Stories from the Archives: Cape Cod Ahoy!

This blog highlights interesting items from the Sturgis Library Archives. Today’s item is an extraordinary special edition book. 

Cape Cod Ahoy!: A Travel Book for the Summer Visitor by Arthur Wilson Tarbell Special Edition (MS. 118) (Boston: Richard G. Badger/The Gorham Press, 1932). 

The standard copy of Cape Cod Ahoy!, which is part of our circulating collection, is about 350 pages long and has a spine that measures about 1 1/2 inches thick. The spine of this special edition copy is nearly 5 inches thick because it has been interleaved with over 200 original black and white photographs adhered to the pages with black photo corners. The photographs document buildings, landscapes, beaches, houses, monuments, roads, and other scenes of Cape Cod life in the 1930s. At nearly 5 inches thick and less than 8 inches tall, this book cuts quite a unique figure!

In Cape Cod Ahoy! Tarbell takes readers on a journey through each Cape Cod town to highlight the interesting places and local stories he encountered over the many summers he spent exploring the area:

Summer after summer I have browsed about this sea-grit land, picking up any bright thing that caught my fancy. Widely inclusive has been the search, so long as I came upon a scene or a story that would be likely to prove interesting to the stranger visiting these shores. Into my note-pack went the old and the new, the great and the little, the grave and the gay.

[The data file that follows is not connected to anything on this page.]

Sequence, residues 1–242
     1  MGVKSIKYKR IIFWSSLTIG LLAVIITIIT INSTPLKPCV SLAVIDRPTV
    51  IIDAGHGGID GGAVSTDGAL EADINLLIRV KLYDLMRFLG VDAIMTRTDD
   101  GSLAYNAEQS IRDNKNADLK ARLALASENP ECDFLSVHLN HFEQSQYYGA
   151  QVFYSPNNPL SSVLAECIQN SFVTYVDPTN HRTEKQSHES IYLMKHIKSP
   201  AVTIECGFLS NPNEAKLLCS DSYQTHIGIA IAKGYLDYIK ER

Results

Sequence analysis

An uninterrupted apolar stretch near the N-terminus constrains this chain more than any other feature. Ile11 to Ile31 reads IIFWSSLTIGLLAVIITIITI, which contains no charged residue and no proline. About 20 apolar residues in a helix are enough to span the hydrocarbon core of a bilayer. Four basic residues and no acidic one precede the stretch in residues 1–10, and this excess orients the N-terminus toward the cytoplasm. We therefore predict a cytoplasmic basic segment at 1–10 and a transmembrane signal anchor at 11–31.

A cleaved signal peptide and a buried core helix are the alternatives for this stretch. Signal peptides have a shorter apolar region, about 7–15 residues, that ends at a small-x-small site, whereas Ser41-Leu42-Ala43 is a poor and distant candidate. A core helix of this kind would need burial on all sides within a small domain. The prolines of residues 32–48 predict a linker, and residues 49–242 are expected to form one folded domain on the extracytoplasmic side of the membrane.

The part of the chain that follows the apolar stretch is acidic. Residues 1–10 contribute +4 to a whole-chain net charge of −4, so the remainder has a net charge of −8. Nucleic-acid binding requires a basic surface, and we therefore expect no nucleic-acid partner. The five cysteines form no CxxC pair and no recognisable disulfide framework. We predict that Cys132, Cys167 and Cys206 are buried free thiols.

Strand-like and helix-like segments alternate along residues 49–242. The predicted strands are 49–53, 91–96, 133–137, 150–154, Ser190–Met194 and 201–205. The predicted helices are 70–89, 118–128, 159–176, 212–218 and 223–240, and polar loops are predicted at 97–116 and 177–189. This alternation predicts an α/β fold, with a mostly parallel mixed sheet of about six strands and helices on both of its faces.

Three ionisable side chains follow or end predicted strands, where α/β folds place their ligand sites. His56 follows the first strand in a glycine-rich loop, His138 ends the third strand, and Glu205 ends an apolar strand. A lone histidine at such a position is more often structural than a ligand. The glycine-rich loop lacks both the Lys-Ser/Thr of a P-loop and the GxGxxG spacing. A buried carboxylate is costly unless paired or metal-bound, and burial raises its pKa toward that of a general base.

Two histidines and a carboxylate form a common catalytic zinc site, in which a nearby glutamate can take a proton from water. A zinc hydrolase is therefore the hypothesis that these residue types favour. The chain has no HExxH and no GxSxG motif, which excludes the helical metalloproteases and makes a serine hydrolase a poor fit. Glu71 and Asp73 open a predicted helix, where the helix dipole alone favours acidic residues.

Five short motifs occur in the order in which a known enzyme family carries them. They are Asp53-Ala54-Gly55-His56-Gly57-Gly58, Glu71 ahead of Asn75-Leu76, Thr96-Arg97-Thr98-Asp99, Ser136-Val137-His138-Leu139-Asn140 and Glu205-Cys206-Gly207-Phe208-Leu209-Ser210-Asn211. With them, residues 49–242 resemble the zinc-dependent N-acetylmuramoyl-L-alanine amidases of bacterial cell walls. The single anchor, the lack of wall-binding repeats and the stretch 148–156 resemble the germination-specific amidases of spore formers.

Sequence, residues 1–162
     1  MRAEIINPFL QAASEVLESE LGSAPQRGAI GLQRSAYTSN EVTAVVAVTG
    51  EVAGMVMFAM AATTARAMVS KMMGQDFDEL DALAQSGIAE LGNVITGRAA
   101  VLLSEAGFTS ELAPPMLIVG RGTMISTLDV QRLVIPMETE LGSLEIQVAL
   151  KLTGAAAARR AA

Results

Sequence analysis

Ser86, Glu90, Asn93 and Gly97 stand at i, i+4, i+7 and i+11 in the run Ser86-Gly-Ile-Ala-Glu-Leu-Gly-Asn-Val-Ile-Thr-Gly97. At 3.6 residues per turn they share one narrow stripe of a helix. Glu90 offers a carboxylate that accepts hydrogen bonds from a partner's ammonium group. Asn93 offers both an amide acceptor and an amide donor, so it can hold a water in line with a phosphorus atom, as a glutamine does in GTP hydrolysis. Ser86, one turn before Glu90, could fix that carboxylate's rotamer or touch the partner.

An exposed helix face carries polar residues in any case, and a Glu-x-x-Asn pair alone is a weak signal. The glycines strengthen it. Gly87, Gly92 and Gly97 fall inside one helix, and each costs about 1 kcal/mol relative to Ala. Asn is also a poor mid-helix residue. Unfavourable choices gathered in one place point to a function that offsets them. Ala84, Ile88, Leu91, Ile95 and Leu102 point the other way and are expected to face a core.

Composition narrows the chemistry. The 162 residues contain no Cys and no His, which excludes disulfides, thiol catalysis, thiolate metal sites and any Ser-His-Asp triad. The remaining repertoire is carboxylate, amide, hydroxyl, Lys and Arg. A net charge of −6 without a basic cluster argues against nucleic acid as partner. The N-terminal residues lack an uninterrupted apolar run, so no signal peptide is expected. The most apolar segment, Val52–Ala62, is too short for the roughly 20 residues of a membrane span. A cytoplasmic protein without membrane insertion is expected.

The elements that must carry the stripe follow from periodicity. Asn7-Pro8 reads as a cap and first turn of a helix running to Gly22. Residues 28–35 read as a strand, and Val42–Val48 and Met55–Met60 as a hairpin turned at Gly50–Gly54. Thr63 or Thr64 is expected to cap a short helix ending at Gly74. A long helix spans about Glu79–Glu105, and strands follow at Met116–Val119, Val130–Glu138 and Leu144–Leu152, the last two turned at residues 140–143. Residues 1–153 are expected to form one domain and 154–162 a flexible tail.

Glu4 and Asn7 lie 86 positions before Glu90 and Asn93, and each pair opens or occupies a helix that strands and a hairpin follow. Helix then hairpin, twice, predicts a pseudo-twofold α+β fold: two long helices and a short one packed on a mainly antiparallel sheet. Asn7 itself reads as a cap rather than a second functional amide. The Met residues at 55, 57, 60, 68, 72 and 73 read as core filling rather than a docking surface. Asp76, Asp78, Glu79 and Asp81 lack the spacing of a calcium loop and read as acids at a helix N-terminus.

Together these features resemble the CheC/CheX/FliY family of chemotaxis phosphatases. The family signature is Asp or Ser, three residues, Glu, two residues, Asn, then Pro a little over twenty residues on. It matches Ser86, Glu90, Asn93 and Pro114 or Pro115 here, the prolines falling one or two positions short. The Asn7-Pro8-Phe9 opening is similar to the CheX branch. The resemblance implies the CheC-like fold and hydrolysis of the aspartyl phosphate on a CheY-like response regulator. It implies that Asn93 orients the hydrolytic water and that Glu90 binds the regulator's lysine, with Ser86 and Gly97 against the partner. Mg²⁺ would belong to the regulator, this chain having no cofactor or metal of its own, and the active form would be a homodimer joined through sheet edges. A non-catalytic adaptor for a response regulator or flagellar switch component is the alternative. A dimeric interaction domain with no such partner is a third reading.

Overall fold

The owner of this special edition copy evidently also spent a lot of time exploring the Cape following in the footsteps of Tarbell and documenting the journey in photographs.

Here you can see what Sturgis Library looked like in the 1930s before the expansion project that took place throughout the mid-1980s to 1995. Take note of the large mulberry tree that stood just to the right of the front door for over 150 years.

Here is a view of the West Parish of Barnstable Meetinghouse as it appeared in the 1930s after the 1850s remodel and before the 1950s restoration. It is labeled here as “Cock Church” in reference to the gilded cock weathervane that has topped the church since the eighteenth century.

A Small Sampling of the Photos in the Book

This book and other archival material are available for in-library use. Fragile materials may have photocopying restrictions. To access archival collections contact us at or call the Library directly at (508) 362-6636.

To see the findings aids for our archival collections, click here.

You can search the archives by name and subject using the CLAMS online catalog.